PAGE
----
Interview with Artist Shiloh Ashley: On Constructing Language, Relationships, & Identity

Shiloh AshleyIntermedia Grad Student Shiloh Ashley has been hard at work preparing for their thesis show, including the arduous task of constructing their own language. Our Art Editor, Regan Henley was lucky enough to get some time with Shiloh to talk about this process and see what exactly this whole project entails.


Regan Henley: So, my understanding is that you are creating your own language as part of your thesis. Can you speak a little about that?

Shiloh Ashley: I am very interested in languages, codes, puzzles, and games, and the ways in which these things intersect during play. I wanted to deepen my knowledge and expand my understanding of the how language, codes, puzzles, and games influence communication and interpersonal relationships. I felt that the best way to investigate the dynamics between the intersections of those elements and how they lead to transformation would be to create my own language.

RH: This project is obviously a huge undertaking. What has been your process throughout this work? Have you been following some outline for creating language or is it more of an intuitive task?

SA: I am working intuitively with a plan of action, which means that I set aside time to focus on only writing, only music, only building, etc., and the work develops from there. It helps me to corral my thoughts but not limit them too much to a set of expectations as I find art has a way of making itself regardless of what, I, as the artist think it should be.

RH: Has language always had an important element in your work, or is this a more recent fascination of yours?

SA: Language has been a constant in my work.

Language is important to me because I believe languages are adventurous journeys to new worlds, not just verbal or gestural languages, but also languages like mathematics, coding, and the use of acronyms in cyberspace. There are many different ways to say the same thing, there are similar ways to say different things, and too many ways to say the wrong thing.

RH: Do you think language plays an important role in defining personal identity to you? And if so, what are you saying in creating your own?

SA: I grew up in a multilingual setting. My family is Lakota from the Cheyenne River Sioux Tribe in South Dakota, and so I grew up around English and Lakota. I got in trouble in first grade for coloring out of the lines on a picture of a pig that we were going to cut out and put on a wall. In protest of getting reprimanded by the teacher, I called her a name in Lakota and was sent to the principal’s office. I learned that there was a lot of power in terms of what is said, who is saying it, and who what is being said is being said to.

Also around that time, my parents worked at a summer camp along the Missouri River, and the majority of the counselors were international coming from Sri Lanka, Cambodia, Australia, Jordan, and Japan. It exposed me to the world in a way that still informs my curiosity about people and how lives are lived across the globe.

Outside of those experiences, I took a couple years of Spanish, learned to read music, became interested in technology, and am learning to code.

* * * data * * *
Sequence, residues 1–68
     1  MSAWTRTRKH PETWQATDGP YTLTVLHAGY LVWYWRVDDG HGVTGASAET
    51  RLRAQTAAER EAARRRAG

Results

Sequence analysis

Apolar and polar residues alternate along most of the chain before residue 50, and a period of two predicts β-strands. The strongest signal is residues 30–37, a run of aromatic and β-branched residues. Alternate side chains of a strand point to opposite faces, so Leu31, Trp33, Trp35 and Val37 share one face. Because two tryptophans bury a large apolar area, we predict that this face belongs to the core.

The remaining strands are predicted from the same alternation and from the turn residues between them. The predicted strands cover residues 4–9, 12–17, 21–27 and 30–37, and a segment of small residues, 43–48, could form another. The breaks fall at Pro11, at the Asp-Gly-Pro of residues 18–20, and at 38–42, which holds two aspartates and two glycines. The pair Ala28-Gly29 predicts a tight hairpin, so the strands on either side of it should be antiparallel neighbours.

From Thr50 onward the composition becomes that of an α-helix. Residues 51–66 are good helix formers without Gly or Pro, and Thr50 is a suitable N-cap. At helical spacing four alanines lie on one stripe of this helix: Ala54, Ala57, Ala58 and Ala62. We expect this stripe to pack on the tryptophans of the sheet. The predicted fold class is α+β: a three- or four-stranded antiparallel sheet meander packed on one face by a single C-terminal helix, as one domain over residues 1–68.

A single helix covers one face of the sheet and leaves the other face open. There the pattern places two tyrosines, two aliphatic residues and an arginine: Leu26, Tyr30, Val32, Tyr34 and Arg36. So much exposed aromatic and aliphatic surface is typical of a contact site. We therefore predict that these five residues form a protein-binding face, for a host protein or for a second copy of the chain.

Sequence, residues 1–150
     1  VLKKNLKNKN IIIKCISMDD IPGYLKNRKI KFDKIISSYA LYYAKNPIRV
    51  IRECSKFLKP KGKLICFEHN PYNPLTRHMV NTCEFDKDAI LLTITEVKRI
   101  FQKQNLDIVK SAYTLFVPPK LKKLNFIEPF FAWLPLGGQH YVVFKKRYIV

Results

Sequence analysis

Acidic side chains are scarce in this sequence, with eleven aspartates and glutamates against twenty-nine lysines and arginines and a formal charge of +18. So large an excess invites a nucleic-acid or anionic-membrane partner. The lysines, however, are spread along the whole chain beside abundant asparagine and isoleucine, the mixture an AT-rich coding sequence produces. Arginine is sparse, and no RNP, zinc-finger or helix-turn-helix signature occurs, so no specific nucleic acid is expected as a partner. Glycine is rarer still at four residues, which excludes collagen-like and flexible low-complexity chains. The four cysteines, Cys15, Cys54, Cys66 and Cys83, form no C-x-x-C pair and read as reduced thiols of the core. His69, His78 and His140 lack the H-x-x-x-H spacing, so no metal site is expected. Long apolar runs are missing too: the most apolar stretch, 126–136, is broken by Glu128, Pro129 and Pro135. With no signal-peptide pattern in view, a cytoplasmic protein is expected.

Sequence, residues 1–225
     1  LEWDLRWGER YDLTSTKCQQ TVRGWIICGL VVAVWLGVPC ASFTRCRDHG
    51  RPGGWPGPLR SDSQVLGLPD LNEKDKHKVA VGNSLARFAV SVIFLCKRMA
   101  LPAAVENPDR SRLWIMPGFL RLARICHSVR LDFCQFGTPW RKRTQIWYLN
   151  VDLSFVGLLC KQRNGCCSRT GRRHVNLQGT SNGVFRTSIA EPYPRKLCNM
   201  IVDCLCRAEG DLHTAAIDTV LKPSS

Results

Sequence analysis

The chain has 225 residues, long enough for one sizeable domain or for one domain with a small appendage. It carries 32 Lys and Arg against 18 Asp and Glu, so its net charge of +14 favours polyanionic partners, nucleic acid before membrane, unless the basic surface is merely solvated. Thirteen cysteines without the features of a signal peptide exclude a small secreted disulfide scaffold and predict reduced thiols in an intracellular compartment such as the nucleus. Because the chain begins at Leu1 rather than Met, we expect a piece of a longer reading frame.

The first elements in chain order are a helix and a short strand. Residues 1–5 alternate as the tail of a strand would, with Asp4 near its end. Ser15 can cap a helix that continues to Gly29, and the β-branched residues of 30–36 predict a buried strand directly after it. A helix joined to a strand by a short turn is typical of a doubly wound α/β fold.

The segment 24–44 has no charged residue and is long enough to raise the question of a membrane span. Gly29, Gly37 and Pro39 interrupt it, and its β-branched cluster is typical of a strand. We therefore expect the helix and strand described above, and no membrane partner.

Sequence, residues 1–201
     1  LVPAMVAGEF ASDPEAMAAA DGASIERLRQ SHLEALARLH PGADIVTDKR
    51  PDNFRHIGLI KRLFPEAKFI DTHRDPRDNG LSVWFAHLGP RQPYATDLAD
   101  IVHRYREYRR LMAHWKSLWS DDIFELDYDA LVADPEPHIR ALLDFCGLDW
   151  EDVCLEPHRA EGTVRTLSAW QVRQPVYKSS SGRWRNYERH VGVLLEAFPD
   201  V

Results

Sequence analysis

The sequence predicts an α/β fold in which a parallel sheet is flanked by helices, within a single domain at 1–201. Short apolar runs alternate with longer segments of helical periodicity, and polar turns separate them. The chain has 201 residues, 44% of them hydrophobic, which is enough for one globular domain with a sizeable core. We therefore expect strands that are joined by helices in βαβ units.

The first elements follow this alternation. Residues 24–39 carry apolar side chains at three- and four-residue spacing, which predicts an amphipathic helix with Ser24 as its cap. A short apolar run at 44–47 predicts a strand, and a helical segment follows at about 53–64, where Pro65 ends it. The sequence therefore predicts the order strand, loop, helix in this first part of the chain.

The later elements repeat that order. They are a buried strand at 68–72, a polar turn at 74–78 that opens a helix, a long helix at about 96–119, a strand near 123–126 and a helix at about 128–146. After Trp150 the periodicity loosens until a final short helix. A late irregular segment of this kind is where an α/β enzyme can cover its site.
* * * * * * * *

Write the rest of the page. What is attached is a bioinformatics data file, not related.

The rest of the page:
I have in the last year started to learn Lakota. The extent of my knowledge comes from language used in ceremony and things I remember from my aunts and uncles. My parents spoke mostly English. It is important for me to reconnect with the language of my people because it connects me to who I am, where I come from, and the values of my people. All of these languages are important to me because they help me understand and process the world. I am creating my own language because I feel a responsibility to communicate sincerely with the world in an attempt to join in on the conversations that address issues related to our planet and the future of humanity.

RH: The idea of ceremony definitely seems present in how you construct language. Last semester I got to see you do a performance art piece at a live art platform in which you used audience participation and line dancing to teach participants your new language. Can you tell me a little bit more about that?

SA: Line dances and dance crazes interest me because they facilitate space for temporary communities to come together for about five minutes to just have a good time. Momentarily, race, sex, class, gender, politics, and prejudice are suspended, and people just dance. There are other ways of looking at it, but I am focusing on work that brings people together, and I felt like the line dance was a good way to integrate learning, performance, and participation into the work.

RH: Will you be following this line of thought (doing any more line dancing/performative elements) in your thesis show?

SA: I sure hope so! Bring your dancing shoes just in case.

RH: This work has definitely been a long time coming for you, given your background and experiences it seems. What have you learned throughout this process?

SA: The most helpful thing I’ve learned is about having the patience to allow space for the work to evolve and to trust that it will eventually come to make some sort of sense. It is new territory, and I am very excited about the process moving toward thesis show as I am approaching the work in a more focused manner now that the foundations of the language have been established.

RH: Last but not least, where can we see you and your work?

SA: You can find my work in progress website from 2010 at www.shilohashley.com, updates coming soon. I post images of my process on Instagram (@shilohmfa) and if you are into music you can check out my band, Ashley at https://soundcloud.com/ashley-musicaz.